1. Identify items requiring routine maintenance. Most mechanical items require regular attention: air conditioners, automatic gates, golf carts, swamp coolers, etc. Follow local and national ordinances for safety features. For example, fire extinguishers need charging, fire sprinklers require back flow tests and elevators need testing verified by a yearly visit from your local fire marshal. If tests are not documented, fines could be imposed. Fire officials will also inspect emergency-lights, check battery backups, assure fire doors close properly, and make sure exit routes are properly identified.

Conduct roof inspections yearly; clean gutters twice a year. Scheduling a painter for a property touch-up every six months can double the time between paintings by addressing peeling or failing paint before it becomes widespread. Finally, check light fixtures regularly and replace bulbs as necessary.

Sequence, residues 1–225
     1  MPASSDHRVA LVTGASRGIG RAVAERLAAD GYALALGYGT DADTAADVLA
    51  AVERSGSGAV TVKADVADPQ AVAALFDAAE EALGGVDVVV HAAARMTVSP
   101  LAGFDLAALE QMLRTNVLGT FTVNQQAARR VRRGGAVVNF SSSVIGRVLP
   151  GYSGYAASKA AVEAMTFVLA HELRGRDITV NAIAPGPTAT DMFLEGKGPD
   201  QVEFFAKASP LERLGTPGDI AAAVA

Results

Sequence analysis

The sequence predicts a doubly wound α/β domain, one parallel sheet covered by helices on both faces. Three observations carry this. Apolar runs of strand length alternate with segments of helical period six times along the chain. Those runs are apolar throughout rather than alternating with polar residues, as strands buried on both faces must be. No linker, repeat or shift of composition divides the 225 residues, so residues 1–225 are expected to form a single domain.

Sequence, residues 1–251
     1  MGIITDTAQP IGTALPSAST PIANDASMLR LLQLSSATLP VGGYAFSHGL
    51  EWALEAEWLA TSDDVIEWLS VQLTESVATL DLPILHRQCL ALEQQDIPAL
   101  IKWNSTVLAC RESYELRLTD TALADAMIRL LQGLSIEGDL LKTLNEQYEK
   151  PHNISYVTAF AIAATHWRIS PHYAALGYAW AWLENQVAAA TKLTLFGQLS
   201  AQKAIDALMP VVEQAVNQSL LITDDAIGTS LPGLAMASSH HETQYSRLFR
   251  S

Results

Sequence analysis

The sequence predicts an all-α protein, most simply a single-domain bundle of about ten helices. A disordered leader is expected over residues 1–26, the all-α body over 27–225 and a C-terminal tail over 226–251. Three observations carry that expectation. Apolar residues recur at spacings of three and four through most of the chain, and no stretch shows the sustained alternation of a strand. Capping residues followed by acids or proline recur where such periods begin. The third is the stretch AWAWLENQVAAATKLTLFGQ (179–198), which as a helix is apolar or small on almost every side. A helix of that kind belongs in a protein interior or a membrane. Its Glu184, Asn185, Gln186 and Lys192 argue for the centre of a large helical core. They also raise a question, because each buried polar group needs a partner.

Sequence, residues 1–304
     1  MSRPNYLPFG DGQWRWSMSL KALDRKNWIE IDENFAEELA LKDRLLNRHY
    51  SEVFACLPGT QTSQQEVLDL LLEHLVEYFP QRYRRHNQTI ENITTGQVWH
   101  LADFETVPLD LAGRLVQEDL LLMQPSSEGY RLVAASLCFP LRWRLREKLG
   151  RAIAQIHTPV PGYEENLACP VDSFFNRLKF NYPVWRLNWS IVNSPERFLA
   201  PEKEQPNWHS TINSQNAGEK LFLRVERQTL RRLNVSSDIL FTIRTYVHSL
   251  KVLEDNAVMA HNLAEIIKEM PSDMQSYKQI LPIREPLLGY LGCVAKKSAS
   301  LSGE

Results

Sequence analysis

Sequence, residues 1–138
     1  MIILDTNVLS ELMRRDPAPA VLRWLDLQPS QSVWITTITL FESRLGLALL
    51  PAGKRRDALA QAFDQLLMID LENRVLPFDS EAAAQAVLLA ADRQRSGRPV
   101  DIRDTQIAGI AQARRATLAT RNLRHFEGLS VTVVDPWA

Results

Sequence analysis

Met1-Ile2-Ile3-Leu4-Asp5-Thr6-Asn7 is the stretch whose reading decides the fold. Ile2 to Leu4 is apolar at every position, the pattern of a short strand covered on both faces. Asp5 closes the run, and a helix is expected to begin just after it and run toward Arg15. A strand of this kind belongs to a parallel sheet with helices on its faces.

2. Create and post a maintenance schedule in a prominent place, checking off items as completed. Divide it into monthly, quarterly, semi-annual and annual inspections.

3. If it gets dirty, clean it. When something breaks or is damaged, fix it. Avoid taking shortcuts in repairs. Dont let a little problem grow into a monster. Remember the longer you wait, the more peripheral damage will occur and the more expensive it ultimately becomes. 

Andrew Fawcett is president of Accent Building Restoration Inc. With locations in 15 states, the company offers complete property services including all phases of cosmetic remodeling, construction services, interior and exterior painting, wall covering, drywall repair and texturing, floor covering, stucco and siding repair, elastomeric waterproofing, as well as a completely customized building and property maintenance program. For more information, call 888.705.2321; visit